How to make a Chilli

Chilli is one of my favourite things to cook. While I enjoy being a web developer and working on the web, my next biggest passion is cooking. If I ever change career, it’s almost certainly going to end up with me in a chefs hat (hopefully anyway). But while a chilli may not be the pinnacle of high-class cuisine, or the most intricate of pastry dishes, a chilli is one of my most enjoyable dishes that I’ve made countless times over the years.

To me, it’s the opportunities offered by the simple chilli that makes it so incredible. You have the main ingredients: meat (or sometimes beans), tomatoes, and spices. But from there the options are limitless. You can add different types of beans and pulses, other meats, various combinations of herbs and spices to your own liking, and I’ve even had people recommend black treacle or chocolate as their own personal twists over the years.

Those of you that are developers reading this might be starting to think this is all sounding rather familiar. There’s this core set of things, and then each chef adds their own variation or twist on top. Lately, whenever I make a chilli, I’m reminded of just how much variety the dish affords and how similar that feels to how the web is at the moment.

My chilli recipe

I’m going to bring the discussion back to the web in a minute, but first here’s one of my favourite recipes for the chilli I usually cook: (if you’re not interested in how to cook a delicious chilli, you can skip to the web bit).


  • 500g minced beef (less fat the better, I usually get at least 10%)
  • 1 brown onion, chopped
  • 2-4 cloves of garlic, chopped (I like a lot of garlic)
  • 1 tin of chopped tomatoes
  • 1 tin of butter beans
  • 1 tin of red kidney beans
  • 1-2 tsp of chilli powder (however hot you prefer)
  • 1 tsp paprika
  • 1 tsp cumin
  • 1 tsp oregano
  • 1/2 tsp ginger
  • 1/2 tsp cinnamon
  • salt and pepper
  • olive oil


Heat a large pan with some olive oil. Add the chopped onion and fry for around 5 mins until soft and brown. Add the chopped garlic and fry for a further 2-3 minutes. Break up the minced meat and add this to the pan and fry until browned.

Once the meat is brown, add all the spices and season with salt and pepper. Stir until all the meat gets coated in the spices, then add the tin of tomatoes and two tins of beans. Leave to simmer for at least 20 mins or longer, the longer you leave it the thicker the sauce becomes and the tastier it is (in my opinion), sometimes I’ll leave the chilli cooking for an hour or more – depending on how hungry I am.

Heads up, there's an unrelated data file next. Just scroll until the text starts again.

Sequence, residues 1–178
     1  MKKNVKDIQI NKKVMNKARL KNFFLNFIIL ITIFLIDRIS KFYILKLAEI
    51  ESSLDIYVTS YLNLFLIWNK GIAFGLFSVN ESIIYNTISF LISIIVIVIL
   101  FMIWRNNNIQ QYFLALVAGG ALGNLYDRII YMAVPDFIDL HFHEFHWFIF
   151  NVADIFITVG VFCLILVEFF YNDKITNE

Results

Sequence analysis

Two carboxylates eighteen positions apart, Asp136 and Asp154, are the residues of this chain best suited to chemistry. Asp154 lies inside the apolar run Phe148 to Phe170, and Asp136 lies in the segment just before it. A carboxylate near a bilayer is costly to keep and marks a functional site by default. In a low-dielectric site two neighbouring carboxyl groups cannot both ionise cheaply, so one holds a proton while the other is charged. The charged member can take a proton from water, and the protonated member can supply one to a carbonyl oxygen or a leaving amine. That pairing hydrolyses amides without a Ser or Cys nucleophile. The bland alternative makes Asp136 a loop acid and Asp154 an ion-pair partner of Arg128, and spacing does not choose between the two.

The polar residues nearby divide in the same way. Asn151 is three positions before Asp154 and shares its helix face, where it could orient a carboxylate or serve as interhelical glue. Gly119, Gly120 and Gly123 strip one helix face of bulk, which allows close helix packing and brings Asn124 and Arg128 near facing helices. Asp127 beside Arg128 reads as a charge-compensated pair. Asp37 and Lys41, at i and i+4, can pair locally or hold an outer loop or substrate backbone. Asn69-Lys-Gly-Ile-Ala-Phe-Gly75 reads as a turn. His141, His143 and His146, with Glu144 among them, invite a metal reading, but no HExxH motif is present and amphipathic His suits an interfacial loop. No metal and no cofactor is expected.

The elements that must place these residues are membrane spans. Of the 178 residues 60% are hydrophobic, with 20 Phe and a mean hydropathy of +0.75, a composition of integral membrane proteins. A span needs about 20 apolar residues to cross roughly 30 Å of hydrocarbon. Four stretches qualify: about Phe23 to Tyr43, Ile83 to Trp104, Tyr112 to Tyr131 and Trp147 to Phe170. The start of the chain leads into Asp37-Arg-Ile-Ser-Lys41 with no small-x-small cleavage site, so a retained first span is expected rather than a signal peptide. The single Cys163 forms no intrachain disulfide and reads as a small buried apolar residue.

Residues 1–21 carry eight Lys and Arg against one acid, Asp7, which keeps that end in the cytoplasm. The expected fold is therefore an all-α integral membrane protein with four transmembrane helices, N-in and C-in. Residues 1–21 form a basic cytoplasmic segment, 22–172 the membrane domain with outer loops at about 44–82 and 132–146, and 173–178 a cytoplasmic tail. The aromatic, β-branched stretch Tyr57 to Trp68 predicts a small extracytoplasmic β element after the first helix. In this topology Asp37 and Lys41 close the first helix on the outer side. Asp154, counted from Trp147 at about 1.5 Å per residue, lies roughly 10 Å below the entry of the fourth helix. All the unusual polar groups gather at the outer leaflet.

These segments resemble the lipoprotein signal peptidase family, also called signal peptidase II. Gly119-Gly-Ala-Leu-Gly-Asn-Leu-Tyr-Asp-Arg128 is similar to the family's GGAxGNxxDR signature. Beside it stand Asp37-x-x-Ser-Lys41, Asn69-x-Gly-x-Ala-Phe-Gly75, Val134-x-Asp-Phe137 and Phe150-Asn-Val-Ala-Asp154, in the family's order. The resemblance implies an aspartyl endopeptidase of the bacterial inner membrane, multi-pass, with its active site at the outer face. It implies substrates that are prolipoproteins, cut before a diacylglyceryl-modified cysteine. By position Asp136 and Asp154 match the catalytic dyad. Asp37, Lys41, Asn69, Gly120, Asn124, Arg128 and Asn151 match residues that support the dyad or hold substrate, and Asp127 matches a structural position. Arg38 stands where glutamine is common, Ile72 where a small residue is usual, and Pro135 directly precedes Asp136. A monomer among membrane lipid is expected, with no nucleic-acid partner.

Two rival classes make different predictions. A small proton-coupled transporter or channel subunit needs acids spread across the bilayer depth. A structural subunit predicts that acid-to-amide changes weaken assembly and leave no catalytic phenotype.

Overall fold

Alternatively, you can do this in a slow cooker as well. Go through all the steps to brown off the meat and add the spices in the pan. Then transfer to a slow cooker and add the tomatoes and beans. Switch the slow cooker to low and leave it on while you’re at work for the day and come home to an awesome tasting chilli and a house that smells amazing too!

The web bit

My chilli recipe is by no means the most complex, but it’s probably not the most simple either. The same applies to the way I build websites. I use Sass, gulp, and Git, and quite a few other tools, all which I’ve picked up in the time I’ve been a developer; gradually adding these tools and processes to my recipe. In my opinion, they make the websites I build easier to create and the output is something I’m very happy with. Many others will have a similar experience for their process, for the tools they choose, and for their recipe for building websites.

Web development at the moment is full of different tools. There’s about a hundred ways to write your CSS and about a thousand different JavaScript frameworks to build with. There’s so many build tools and combinatons of ways to build and transpile your code, and process your assets, that it likely gives Subway’s 6,442,450,944 combinations of sandwiches a run for it’s money. With this many options it’s no wonder we see lots of people using a different set of tools for their own projects.

However, there are two problems that stem from this plethora of options:

  1. People get overwhelmed by the amount there is to learn and come to the conclusion the web is overly complex.
  2. People who have their preferred method of doing things, preach that theirs is the correct way and that everyone should do things their way too.

Problem 1 has been covered a lot in recent years and I don’t think I could add much more to the discussion than I already have. For a good talk on this subject you should take a look at Wes’ talk from Full Frontal’s Sideview a couple of years ago.

Problem 2 I’ve been seeing crop up a lot more lately and with the continual increase in new tools that’s beginning to concern me. There are some people that whenever they talk about something they’re using believe that it is the one and only way forward and if you don’t use it you are in some way or another wrong. Now I’m not saying people shouldn’t be enthusiatic about what they do, or try to show others how amazing something is. But saying something is “the right way” or “definitely needed” doesn’t come across as the best way of sharing that message.

I think we should encourage people to explore new things; not by telling them what they’re doing is wrong, but by being enthusiastic about what we’ve learned from our experiences.

Just because everyone has their own recipe, it doesn’t mean they can’t make a great chilli – or website in as the case may be. I like my chilli my way, others like it theirs. That’s just like the web, everyone has their own preferred toolset but at the end of the day, the web is still the same core things.

At times I wish the web were a bit more like cooking, whenever I’m talking about it or hearing others talk, it’s always with an amount of interest and enthusiasm that I think is lacking on the web. It’s always about sharing new methods, teaching people how you could do something, rather than how you have to do it.